Thursday, September 14, 2006


ONE GREEN APPLE by Eve Bunting, illustrated by Ted Lewin (Clarion)
Farah feels reticent at a school field trip to an apple orchard. Besides not being fluent in the language, she is further set apart by her dupatta, traditions of her conservative Muslim culture and admonishments by her father to be on guard, that "we are not always liked here." When she contributes an unripe apple into the cider, she gets an angry response from her classmates, but it turns out that the cider is delicious...and a metaphor for the many flavors we need in the mix that is our country. The anxiousness of being new and feeling different will be a point entry and empathy for all readers and listeners, and Farah is an observant and intelligent protagonist; it's easy to imagine the likes of her contributing a lot more than unripe apples to our land. Mottled photorealistic paintings add to the recognizability of the situation. Though Bunting can be a little heavy-handed (albeit moving)for some tastes (THE WEDNESDAY SURPRISE about adult illiteracy, FLY AWAY HOME about homelessness), her work is always a spark for discussion. This immigrant story is as fresh and American as apple pie and will be a warm literary welcome to a culture that is underrepresented on the children's bookshelf. (7 and up)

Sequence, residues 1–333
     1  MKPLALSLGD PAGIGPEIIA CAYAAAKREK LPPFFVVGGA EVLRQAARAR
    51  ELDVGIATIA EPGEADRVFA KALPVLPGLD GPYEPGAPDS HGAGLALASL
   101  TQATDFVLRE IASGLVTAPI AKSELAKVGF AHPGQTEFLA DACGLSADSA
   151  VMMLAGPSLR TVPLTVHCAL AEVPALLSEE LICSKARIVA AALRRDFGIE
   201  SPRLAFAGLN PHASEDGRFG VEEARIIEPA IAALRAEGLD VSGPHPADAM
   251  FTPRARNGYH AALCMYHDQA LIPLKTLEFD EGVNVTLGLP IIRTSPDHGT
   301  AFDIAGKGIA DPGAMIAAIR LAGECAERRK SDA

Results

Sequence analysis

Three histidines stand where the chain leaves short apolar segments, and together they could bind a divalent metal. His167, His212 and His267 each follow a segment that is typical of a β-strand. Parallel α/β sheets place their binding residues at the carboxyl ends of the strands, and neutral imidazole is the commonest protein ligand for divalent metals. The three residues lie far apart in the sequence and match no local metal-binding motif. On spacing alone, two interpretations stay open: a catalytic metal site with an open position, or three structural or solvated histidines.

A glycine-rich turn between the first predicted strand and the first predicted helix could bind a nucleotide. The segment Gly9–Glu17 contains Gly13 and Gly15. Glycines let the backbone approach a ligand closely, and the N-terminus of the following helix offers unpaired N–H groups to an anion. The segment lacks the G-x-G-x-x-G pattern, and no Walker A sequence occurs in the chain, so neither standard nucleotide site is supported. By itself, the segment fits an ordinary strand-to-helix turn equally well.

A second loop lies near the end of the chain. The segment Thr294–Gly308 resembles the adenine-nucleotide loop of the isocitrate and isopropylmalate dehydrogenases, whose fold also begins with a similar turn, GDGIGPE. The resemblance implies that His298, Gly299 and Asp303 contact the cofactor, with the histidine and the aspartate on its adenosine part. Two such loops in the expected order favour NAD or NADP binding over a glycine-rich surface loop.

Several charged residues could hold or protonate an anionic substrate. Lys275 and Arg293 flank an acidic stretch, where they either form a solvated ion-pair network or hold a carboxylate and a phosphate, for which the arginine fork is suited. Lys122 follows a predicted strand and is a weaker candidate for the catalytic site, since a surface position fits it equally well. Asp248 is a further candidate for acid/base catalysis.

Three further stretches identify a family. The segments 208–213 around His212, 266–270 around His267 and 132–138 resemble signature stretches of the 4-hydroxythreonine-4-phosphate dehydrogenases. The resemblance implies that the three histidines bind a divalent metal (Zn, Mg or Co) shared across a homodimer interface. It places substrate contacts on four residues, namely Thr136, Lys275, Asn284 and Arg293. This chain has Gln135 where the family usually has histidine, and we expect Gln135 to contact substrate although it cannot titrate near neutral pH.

Also of interest:
IN THE YEAR OF THE BOAR AND JACKIE ROBINSON by Bette Bao Lord, illustrated by Marc Simont (HarperCollins) One of my very favorite novels, this funny,poignant award-winner chronicles the year of a new Chinese immigrant, Shirley Temple Wong, who is inspired by a legendary baseball player to find a place of belonging in her new land. (9 and up)
SALAAM: A MUSLIM-AMERICAN BOY'S STORY by Tricia Brown, illustrated by Ken Cardwell (Henry Holt) A straightforward, sensitive peek into the window of a Muslim American family's daily life. (6 and up)

On a personal note
Alert! If you requested a review copy of VIVE LA PARIS per the offer earlier this week, and you did not e-mail your mailing address to esme-at-ripco-dot-com (hint: I have to write it out like this so I don't get spammed, so use @ for at and . for dot), then you won't end up getting a copy. Sorry, but I can't send a book to your e-mail! Thanks! This is the very last week to get a review copy...after this, you'll have to go to the bookstore! So get 'em while they're hot, and please, tell your listservs, librarians and book clubs!

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